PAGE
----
- Add a sample script package to WebSphere CloudBurst
Next, you want to create a custom pattern that includes the script package used for integrating with Rational Build Forge. Again, the script package contains a script that drives communication between WebSphere CloudBurst and Rational Build Forge.
- Log into the WebSphere CloudBurst console as a user with permission to manage the catalog and create patterns.
- From the Welcome page, click on Add script packages.
- Click the green cross in the left pane of the Script Packages panel
(Figure 5). In the dialog box prompting for a script package name,
Rational Build Forge Integration.
- Attach the .zip file you downloaded from this article to the new
script package. Supply the execution information for the script.
Figure 5. Defining the script package
- Defining the script package includes defining four environment
variables that will be passed to the script during execution. These
four variables provide the script with information it needs to
establishes the communication between WebSphere CloudBurst and
Rational Build Forge:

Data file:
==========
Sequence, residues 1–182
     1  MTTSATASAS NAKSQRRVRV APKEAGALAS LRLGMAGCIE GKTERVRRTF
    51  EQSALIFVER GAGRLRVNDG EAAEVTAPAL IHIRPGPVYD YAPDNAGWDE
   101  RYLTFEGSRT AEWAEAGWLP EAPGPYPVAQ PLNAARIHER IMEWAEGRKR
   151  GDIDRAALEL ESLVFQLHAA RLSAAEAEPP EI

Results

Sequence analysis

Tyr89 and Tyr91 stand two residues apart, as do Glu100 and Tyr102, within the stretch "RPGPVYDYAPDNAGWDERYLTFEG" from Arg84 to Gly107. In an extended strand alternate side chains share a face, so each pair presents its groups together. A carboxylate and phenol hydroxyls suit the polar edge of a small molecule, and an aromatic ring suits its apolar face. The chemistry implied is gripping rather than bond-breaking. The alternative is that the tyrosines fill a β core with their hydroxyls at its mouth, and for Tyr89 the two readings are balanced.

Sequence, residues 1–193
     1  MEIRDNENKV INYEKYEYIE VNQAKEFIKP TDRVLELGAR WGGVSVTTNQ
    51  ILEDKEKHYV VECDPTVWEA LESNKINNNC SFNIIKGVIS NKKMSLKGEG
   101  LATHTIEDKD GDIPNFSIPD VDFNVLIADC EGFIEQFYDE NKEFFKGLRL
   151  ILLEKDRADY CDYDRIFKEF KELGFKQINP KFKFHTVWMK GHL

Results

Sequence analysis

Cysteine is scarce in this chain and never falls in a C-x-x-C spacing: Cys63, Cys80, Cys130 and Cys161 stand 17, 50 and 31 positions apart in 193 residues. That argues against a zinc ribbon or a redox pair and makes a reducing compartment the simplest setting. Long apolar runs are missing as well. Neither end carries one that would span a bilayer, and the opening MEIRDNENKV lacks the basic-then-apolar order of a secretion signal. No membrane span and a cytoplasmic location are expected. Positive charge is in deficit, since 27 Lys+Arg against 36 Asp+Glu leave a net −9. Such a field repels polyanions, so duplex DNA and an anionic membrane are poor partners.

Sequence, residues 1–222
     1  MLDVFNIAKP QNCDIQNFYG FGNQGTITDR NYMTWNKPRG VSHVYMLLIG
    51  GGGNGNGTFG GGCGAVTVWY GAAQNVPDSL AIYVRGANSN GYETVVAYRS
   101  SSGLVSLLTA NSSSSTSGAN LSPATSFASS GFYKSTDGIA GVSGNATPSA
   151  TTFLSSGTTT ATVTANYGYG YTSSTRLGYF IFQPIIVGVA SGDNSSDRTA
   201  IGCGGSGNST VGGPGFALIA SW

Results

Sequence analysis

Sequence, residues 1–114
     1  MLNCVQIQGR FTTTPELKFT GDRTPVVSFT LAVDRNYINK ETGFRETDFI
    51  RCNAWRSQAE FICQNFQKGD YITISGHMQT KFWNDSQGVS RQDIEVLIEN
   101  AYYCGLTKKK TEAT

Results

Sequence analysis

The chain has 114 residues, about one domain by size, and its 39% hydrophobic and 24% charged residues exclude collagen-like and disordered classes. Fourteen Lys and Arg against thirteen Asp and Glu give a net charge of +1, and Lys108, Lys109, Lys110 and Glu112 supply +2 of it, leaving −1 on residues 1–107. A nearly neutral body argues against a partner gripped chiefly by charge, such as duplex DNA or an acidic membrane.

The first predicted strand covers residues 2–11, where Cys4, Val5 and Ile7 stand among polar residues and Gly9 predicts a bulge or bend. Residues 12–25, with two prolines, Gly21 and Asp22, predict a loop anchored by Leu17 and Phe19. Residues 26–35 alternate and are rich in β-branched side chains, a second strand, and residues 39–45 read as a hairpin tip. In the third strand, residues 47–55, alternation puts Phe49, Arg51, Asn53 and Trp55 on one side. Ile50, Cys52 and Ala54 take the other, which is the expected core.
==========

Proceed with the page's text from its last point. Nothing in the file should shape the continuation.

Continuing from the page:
- BF_LAUNCH_PROJECT_NAME: Rational Build Forge project name
- BF_SERVER_HOST: Rational Build Forge host server name
- BF_SERVER_USER: Username for logging in to Rational Build Forge server
- BF_SERVER_PWD: Password for logging in to Rational Build Forge server
- You also need to supply:
- Working directory is the directory where the .zip file attached to the script package will be expanded. The script included in the .zip file will therefore be run from this directory.
- Logging directory contains any logs produced by invoking the script package.
- Executable is the path to the script that should be invoked, which in this case is the script that invokes communication between WebSphere CloudBurst and Rational Build Forge.
- After the script package has been defined, you can optionally mark it read-only by clicking the Lock icon on the top right toolbar.
Your script package has now been loaded into the WebSphere CloudBurst catalog.
- Create a customized WebSphere CloudBurst pattern
Next, you will create a pattern that will contain the script package:
- From the Welcome page in the console, click Create patterns.
- In this example, you will use a clone of the WebSphere single server
pattern as the basis for your custom pattern. To clone the pattern,
click on the pattern and select the Clone icon on the top right
toolbar. Provide the necessary information for the new pattern in the
dialog (Figure 6).
Figure 6. Creating the pattern
- To enter edit mode, click on the Edit icon on the top right toolbar.